Transcriptome Analysis of Infected and Bystander Type 2 Alveolar Epithelial Cells during Influenza A Virus Infection Reveals In Vivo Wnt Pathway Downregulation.
Hancock AS., Stairiker CJ., Boesteanu AC., Monzón-Casanova E., Lukasiak S., Mueller YM., Stubbs AP., García-Sastre A., Turner M., Katsikis PD.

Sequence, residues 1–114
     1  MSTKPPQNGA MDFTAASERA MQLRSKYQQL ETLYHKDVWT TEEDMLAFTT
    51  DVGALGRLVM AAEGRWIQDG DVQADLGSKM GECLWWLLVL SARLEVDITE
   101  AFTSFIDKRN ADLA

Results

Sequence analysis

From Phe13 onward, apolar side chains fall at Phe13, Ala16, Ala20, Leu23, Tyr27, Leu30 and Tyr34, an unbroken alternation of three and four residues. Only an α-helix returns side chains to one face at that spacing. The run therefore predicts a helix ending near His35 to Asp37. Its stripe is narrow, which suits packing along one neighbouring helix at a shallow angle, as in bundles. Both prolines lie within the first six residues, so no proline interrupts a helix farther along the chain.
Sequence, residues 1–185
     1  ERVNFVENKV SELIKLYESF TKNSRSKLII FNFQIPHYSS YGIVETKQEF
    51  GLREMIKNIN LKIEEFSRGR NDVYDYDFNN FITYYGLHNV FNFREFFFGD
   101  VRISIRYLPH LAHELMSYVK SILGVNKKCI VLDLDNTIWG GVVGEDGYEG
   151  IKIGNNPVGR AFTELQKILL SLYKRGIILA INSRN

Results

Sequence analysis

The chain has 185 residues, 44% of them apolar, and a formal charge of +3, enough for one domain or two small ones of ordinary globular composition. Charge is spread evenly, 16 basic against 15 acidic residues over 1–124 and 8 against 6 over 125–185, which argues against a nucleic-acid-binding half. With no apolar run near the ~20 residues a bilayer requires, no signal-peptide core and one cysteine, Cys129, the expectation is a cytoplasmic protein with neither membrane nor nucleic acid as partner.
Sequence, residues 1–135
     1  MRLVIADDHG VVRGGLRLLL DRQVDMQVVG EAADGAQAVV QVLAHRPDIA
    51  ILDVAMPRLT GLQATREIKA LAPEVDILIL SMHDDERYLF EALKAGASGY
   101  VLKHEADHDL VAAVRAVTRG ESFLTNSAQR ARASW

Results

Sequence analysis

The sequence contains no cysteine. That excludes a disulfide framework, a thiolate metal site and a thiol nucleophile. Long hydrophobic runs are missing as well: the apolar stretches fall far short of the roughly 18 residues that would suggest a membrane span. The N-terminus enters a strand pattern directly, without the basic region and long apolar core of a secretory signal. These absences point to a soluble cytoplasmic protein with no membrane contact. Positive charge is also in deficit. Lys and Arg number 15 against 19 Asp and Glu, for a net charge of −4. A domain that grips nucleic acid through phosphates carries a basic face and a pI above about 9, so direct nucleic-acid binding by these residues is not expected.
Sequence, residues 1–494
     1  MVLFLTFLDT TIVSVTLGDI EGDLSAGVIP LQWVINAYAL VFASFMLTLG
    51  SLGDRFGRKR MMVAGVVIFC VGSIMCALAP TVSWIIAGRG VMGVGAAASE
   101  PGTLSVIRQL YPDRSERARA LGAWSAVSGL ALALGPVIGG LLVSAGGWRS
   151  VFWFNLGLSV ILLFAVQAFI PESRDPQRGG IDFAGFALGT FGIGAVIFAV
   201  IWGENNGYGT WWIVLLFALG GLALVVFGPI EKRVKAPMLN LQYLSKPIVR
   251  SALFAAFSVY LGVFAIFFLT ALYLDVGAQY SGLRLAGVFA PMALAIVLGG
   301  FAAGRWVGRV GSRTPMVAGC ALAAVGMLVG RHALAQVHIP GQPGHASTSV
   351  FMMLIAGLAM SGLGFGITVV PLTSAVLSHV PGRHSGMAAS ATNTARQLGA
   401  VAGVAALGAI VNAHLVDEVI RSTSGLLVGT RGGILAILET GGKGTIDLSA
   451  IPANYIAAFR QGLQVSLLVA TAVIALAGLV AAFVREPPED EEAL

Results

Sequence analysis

Influenza virus outbreaks remain a serious threat to public health. A greater understanding of how cells targeted by the virus respond to the infection can provide insight into the pathogenesis of disease. Here we examined the transcriptional profile of in vivo-infected and uninfected type 2 alveolar epithelial cells (AEC) in the lungs of influenza virus-infected mice. We show for the first time the unique gene expression profiles induced by the in vivo infection of AEC as well as the transcriptional response of uninfected bystander cells. This work allows us to distinguish the direct and indirect effects of infection at the cellular level. Transcriptome analysis revealed that although directly infected and bystander AEC from infected animals shared many transcriptome changes compared to AEC from uninfected animals, directly infected cells produce more interferon and express lower levels of Wnt signaling-associated transcripts, while concurrently expressing more transcripts associated with cell death pathways, than bystander uninfected AEC. The Wnt signaling pathway was downregulated in both in vivo-infected AEC and in vitro-infected human lung epithelial A549 cells. Wnt signaling did not affect type I and III interferon production by infected A549 cells. Our results reveal unique transcriptional changes that occur within infected AEC and show that influenza virus downregulates Wnt signaling. In light of recent findings that Wnt signaling is essential for lung epithelial stem cells, our findings reveal a mechanism by which influenza virus may affect host lung repair.IMPORTANCE Influenza virus infection remains a major public health problem. Utilizing a recombinant green fluorescent protein-expressing influenza virus, we compared the in vivo transcriptomes of directly infected and uninfected bystander cells from infected mouse lungs and discovered many pathways uniquely regulated in each population. The Wnt signaling pathway was downregulated in directly infected cells and was shown to affect virus but not interferon production. Our study is the first to discern the in vivo transcriptome changes induced by direct viral infection compared to mere exposure to the lung inflammatory milieu and highlight the downregulation of Wnt signaling. This downregulation has important implications for understanding influenza virus pathogenesis, as Wnt signaling is critical for lung epithelial stem cells and lung epithelial cell differentiation. Our findings reveal a mechanism by which influenza virus may affect host lung repair and suggest interventions that prevent damage or accelerate recovery of the lung.